By Robert Bridge
The danger of local armed conflicts along Russia’s borders exploding into full-scale nuclear war has grown following the collapse of the Soviet Union, Russia’s chief of staff said on Thursday.
General Nikolai Makarov told the Russian Public Chamber there is a dangerous level of mistrust with former Soviet states that border the country.
“The possibility of local armed conflicts virtually along the entire perimeter of the border has grown dramatically,” Makarov said. “I cannot rule out that, in certain circumstances, local and regional armed conflicts could grow into a large-scale war, possibly even with nuclear weapons.”
Makarov mentioned NATO’s steady encroachment toward Russia’s borders as one of the key reasons for the heightened level of mistrust in the region since the collapse of the Soviet Union in 1991.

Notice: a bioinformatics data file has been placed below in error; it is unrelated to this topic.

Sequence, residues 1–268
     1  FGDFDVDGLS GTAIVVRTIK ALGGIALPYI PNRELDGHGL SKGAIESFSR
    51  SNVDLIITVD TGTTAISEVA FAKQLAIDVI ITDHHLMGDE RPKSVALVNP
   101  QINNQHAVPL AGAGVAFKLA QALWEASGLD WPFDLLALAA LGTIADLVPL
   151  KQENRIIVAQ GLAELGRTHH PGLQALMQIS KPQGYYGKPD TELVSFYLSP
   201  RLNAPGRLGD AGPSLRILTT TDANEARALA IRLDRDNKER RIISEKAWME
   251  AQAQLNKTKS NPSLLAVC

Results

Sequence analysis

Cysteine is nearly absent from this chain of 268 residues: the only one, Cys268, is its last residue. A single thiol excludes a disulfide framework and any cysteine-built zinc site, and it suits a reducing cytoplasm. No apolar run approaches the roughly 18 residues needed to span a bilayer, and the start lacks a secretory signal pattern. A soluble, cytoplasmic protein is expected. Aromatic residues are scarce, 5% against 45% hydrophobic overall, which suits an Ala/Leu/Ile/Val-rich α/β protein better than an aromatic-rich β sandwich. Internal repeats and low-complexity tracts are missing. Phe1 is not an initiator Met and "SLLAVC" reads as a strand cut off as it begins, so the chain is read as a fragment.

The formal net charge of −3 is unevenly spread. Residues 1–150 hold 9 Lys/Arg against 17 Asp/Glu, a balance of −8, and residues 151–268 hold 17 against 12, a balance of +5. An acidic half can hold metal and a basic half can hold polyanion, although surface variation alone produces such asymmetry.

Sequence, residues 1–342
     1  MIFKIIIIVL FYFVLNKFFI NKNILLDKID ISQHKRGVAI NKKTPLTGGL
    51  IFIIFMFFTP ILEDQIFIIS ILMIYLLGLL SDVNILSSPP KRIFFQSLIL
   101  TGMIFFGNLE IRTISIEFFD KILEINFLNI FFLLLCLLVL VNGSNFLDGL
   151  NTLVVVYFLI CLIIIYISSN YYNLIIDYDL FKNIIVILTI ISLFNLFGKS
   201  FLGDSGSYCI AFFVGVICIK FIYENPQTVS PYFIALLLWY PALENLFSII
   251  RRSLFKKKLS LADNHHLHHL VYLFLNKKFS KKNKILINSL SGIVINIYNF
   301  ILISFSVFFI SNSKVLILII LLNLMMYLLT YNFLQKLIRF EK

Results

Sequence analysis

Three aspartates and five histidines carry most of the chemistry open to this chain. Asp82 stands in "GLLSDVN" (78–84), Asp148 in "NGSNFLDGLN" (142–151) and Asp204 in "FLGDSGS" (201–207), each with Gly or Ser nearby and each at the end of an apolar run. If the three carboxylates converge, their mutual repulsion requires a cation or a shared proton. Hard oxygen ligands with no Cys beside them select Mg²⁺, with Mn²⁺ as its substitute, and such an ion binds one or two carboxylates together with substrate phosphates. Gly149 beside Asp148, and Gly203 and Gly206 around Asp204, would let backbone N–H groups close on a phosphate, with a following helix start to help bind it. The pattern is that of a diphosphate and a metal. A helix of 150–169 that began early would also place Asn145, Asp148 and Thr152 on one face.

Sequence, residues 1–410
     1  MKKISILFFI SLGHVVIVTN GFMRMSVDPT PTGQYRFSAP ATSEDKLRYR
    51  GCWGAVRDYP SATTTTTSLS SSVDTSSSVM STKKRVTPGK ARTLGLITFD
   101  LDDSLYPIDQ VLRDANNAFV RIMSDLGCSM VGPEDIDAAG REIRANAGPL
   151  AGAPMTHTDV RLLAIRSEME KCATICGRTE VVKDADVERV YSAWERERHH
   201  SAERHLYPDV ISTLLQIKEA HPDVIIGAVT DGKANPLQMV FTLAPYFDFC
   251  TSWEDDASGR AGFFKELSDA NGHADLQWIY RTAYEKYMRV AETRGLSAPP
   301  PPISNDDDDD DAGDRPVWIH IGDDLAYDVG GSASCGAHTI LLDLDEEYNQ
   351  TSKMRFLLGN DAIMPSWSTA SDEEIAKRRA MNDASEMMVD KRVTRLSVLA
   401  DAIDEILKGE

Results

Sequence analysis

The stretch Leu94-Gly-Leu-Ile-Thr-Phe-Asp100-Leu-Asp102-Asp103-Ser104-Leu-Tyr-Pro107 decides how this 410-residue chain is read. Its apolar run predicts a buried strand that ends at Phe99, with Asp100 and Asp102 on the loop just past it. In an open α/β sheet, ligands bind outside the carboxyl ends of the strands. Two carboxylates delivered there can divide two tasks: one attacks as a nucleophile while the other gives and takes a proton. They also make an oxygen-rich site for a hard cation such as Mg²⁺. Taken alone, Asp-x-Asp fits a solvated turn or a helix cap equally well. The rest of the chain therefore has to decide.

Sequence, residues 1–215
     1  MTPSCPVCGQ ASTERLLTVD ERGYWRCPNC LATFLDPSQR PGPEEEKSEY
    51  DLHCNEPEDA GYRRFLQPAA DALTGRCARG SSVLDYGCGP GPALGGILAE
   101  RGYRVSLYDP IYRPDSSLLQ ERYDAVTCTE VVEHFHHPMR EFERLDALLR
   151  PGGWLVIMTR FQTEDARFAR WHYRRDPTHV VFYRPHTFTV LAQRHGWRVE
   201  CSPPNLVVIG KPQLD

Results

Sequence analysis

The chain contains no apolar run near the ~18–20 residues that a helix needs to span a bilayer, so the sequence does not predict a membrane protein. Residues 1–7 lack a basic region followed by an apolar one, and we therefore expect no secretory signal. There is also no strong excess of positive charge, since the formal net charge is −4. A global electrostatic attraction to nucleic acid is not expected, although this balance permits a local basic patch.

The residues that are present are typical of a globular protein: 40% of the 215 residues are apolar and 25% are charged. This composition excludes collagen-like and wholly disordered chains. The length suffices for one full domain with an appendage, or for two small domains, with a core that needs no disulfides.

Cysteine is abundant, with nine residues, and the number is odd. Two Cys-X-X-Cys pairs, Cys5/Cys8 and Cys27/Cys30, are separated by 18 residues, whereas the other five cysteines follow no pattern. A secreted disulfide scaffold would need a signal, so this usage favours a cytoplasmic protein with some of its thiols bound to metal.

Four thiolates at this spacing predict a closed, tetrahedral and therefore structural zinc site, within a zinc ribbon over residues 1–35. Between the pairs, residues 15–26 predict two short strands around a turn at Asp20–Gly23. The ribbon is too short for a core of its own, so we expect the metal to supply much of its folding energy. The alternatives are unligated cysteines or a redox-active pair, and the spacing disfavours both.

“Almost all countries formerly belonging to the Warsaw Pact have become NATO members, and the Baltic States that were earlier a part of the USSR have also joined the alliance,” Russia’s top military official said.
Moscow has often criticized the western military bloc for going back on its word not to expand following the collapse of the USSR.
“At time of the withdrawal from Eastern Europe, the NATO Secretary General promised the USSR it could be confident that NATO would not expand beyond its current boundaries,” Prime Minister Vladimir Putin said in a past comment. “So where is it now?” I asked them [the NATO officials]. They have nothing to say. They deceived us in the rudest way.”
Meanwhile, the comments by Chief of Staff Makarov did contain a silver lining in the nuclear cloud.
Speaking on the prospects of the New START treaty, signed by President Dmitry Medvedev and his US counterpart Barack Obama, Makarov was optimistic.
“The previous START treaty was flawed, but there were attempts to extend it,” he said. “The new START is the first treaty that satisfies us.”
On the US missile defense system planned for Eastern Europe, the Russian general said the new START gives Moscow the flexibility its new defense measures require.
“This treaty gives us the ability to secede in certain cases,” he said, specifically mentioning the “European missile defense problem” as a national security threat that could force Moscow to breach the treaty.